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    Nicaragua Economy - 1990

      Overview: Government control of the economy historically has been extensive, although the new government has pledged to reduce it. The financial system is directly controlled by the state, which also regulates wholesale purchasing, production, sales, foreign trade, and distribution of most goods. Over 50% of the agricultural and industrial firms are state owned. Sandinista economic policies and the war have produced a severe economic crisis. The foundation of the economy continues to be the export of agricultural commodities, largely coffee and cotton. Farm production fell by roughly 7% in 1989, the fifth successive year of decline. The agricultural sector employs 44% of the work force and accounts for 23% of GDP and 86% of export earnings. Industry, which employs 13% of the work force and contributes 26% to GDP, showed a sharp drop of - 23% in 1988 and remains below pre-1979 levels. External debt is one of the highest in the world on a per capita basis. In 1989 the annual inflation rate was 1,700%, down from a record 16,000% in 1988. Shortages of basic consumer goods are widespread.

      GDP: $1.7 billion, per capita $470; real growth rate - 5.0% (1989 est.)

      Inflation rate (consumer prices): 1,700% (1989)

      Unemployment rate: 25% (1989)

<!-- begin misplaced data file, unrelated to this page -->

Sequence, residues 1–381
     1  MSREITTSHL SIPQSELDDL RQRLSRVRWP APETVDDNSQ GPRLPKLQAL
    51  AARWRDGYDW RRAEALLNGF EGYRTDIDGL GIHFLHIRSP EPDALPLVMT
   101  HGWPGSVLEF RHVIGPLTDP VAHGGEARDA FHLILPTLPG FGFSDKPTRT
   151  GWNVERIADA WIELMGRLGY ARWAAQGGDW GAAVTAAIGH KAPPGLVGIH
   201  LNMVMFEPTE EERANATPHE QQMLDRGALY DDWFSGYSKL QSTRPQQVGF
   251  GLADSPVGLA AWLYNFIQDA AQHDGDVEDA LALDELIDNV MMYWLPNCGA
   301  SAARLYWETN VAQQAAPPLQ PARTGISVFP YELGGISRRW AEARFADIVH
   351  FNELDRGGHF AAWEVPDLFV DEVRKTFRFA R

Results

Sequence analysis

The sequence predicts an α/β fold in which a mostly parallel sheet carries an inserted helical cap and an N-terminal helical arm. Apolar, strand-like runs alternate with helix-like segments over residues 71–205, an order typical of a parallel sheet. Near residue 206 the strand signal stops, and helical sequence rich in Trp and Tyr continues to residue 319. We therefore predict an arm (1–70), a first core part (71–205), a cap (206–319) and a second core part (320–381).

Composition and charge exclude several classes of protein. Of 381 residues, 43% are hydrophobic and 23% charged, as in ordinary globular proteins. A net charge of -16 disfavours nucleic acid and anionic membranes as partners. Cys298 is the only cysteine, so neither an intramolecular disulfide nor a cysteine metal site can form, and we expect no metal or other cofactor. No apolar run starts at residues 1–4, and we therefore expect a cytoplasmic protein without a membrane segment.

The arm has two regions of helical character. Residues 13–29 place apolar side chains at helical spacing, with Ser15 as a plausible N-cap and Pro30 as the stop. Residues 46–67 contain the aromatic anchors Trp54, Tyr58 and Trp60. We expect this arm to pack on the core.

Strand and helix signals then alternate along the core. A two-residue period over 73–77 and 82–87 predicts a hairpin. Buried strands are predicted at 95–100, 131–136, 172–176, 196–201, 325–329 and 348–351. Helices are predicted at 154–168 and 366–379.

Budget: revenues $0.9 billion; expenditures $1.4 billion, including capital expenditures of $0.15 billion (1987)

      Exports: $250 million (f.o.b., 1989 est.); commodities--coffee, cotton, sugar, bananas, seafood, meat, chemicals; partners--CEMA 15%, OECD 75%, others 10%

      Imports: $550 million (c.i.f., 1989 est.); commodities--petroleum, food, chemicals, machinery, clothing; partners--CEMA 55%, EC 20%, Latin America 10%, others 10%

      External debt: $8 billion (year end 1988)

      Industrial production: growth rate - 23% (1988 est.)

      Electricity: 415,000 kW capacity; 1,340 million kWh produced, 380 kWh per capita (1989)

      Industries: food processing, chemicals, metal products, textiles, clothing, petroleum refining and distribution, beverages, footwear

      Agriculture: accounts for 23% of GDP and 44% of work force; cash crops--coffee, bananas, sugarcane, cotton; food crops--rice, corn, cassava, citrus fruit, beans; variety of animal products--beef, veal, pork, poultry, dairy; while normally self-sufficient in food, war-induced shortages now exist

      Aid: US commitments, including Ex-Im (FY70-82), $290 million; Western (non-US) countries, ODA and OOF bilateral commitments (1970-87), $981 million; Communist countries (1970-88), $3.3 billion

      Currency: cordoba (plural--cordobas); 1 cordoba (C$) = 100 centavos

      Exchange rates: cordobas (C$) per US$1--65,000 (February 1990) is the free market rate; official rate is 46,000 (February 1990), 270 (1988), 0.103 (1987), 0.097 (1986), 0.039 (1985)

      Fiscal year: calendar year

      NOTE: The information regarding Nicaragua on this page is re-published from the 1990 World Fact Book of the United States Central Intelligence Agency. No claims are made regarding the accuracy of Nicaragua Economy 1990 information contained here. All suggestions for corrections of any errors about Nicaragua Economy 1990 should be addressed to the CIA.

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    Revised 07-Feb-03
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